Wautoma, WI
Current Conditions
0:56 AM CDT
Cloudy
Temperature
52°F
Dew Point
42°F
Humidity
68%
Wind
NNW at 7 mph
Barometer
30.01 in. F
Visibility
10.00 mi.
Sunrise
07:17 a.m.
Sunset
06:05 p.m.
Evening Forecast (7:00pm-Midnight)
Temperatures will range from 51 to 43 degrees with partly cloudy skies. Winds will range between 8 and 12 miles per hour from the north. No precipitation is expected.
7-Day Forecast
Monday
51°F / 35°F
Clear
Tuesday
51°F / 31°F
Sunny
Wednesday
54°F / 31°F
Sunny
Thursday
52°F / 37°F
Light Rain
Friday
58°F / 45°F
Mostly Cloudy
Saturday
61°F / 43°F
Partly Cloudy
Sunday
64°F / 43°F
Light Rain
Detailed Short Term Forecast
Issued at 0:56 AM CDT
Monday...Temperatures will range from a high of 51 to a low of 35 degrees with mostly clear skies. Winds will range between 6 and 12 miles per hour from the northnortheast. No precipitation is expected.
Overnight ...Temperatures will range from 41 to 35 degrees with clear skies. Winds will range between 6 and 11 miles per hour from the north. No precipitation is expected.
Tuesday...Temperatures will range from a high of 51 to a low of 31 degrees with clear skies. Winds will range between 8 and 11 miles per hour from the northeast. No precipitation is expected.
Although foliar disease outbreaks in winter wheat have been detected elsewhere in the state, no such problem is evident in the dark green foliage of the varieties in the Extension Service’s trial plot on the Kolbe Seed Farms at Chilton in Calumet County.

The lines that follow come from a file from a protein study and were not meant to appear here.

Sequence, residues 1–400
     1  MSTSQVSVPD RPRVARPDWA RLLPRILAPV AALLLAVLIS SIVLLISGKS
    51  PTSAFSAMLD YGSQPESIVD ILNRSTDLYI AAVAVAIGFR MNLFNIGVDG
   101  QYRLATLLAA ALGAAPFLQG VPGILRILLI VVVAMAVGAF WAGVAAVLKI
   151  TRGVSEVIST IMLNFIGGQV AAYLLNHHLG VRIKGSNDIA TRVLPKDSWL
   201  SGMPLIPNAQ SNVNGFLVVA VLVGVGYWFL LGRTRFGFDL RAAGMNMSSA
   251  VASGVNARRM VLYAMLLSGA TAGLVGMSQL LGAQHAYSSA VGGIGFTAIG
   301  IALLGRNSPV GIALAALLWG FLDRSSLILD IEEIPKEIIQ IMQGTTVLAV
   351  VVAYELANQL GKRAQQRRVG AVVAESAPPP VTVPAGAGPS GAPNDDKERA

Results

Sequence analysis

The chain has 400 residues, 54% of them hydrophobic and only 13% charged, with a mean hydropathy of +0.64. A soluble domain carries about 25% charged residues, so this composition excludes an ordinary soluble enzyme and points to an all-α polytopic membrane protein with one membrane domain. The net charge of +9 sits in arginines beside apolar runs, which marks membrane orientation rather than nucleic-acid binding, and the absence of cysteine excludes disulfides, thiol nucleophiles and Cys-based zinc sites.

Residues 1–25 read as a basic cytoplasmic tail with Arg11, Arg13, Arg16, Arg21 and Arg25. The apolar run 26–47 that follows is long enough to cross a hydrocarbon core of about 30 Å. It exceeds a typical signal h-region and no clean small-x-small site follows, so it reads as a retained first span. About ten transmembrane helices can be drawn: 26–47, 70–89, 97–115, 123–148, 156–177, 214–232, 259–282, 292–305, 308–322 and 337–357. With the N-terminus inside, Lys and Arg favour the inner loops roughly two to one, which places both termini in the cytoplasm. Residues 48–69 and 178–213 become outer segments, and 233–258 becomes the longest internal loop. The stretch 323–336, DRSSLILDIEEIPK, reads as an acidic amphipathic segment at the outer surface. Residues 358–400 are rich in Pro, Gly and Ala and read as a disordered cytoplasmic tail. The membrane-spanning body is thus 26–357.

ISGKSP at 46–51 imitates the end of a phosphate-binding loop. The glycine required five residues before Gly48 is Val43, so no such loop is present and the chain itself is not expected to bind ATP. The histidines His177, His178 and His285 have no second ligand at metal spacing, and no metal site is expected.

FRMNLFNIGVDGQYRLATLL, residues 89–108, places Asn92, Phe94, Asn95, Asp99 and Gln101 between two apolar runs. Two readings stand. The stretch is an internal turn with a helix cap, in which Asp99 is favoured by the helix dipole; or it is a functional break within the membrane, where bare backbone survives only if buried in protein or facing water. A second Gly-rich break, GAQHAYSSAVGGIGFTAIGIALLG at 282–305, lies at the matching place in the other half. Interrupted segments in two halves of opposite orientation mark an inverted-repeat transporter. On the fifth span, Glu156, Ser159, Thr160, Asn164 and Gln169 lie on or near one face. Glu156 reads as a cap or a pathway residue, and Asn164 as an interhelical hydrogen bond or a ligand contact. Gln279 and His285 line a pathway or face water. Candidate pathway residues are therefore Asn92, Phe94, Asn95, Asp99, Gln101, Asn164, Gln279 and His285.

Although foliar disease outbreaks in winter wheat have been detected elsewhere in the state, no such problem is evident in the dark green foliage of the varieties in the Extension Service’s trial plot on the Kolbe Seed Farms at Chilton in Calumet County. Photo By Ray Mueller

Crucial stage arrives for winter wheat diseases

May 3, 2012 | 0 comments

With most of Wisconsin's winter wheat having reached the stage at which the flag leaf emerges, Extension Service small grains specialist Shawn Conley and plant pathologist Paul Esker are striving to keep growers apprised about the potential for yield losses due to one or more foliar diseases.

Conley explains that the flag leaf, technically the Feekes 8 growth stage, governs about 50 percent of the winter wheat yield.

For that reason, timely action in diagnosing plant diseases and applying a fungicide is necessary to protect the yield, especially in wheat varieties which are susceptible to one or more of the diseases, he points out.

As of last week, a majority of the state's wheat crop was at the Feekes 6 or 7 growth stage (first and second stem nodes), Conley reported.

During field inspections so far, powdery mildew has been the most prominent plant disease but wheat leaf rust and septoria leaf blotch are also possibilities.

Updates, advisories, and fungicide application guidance are available at thesoyreport.blogspot.com.

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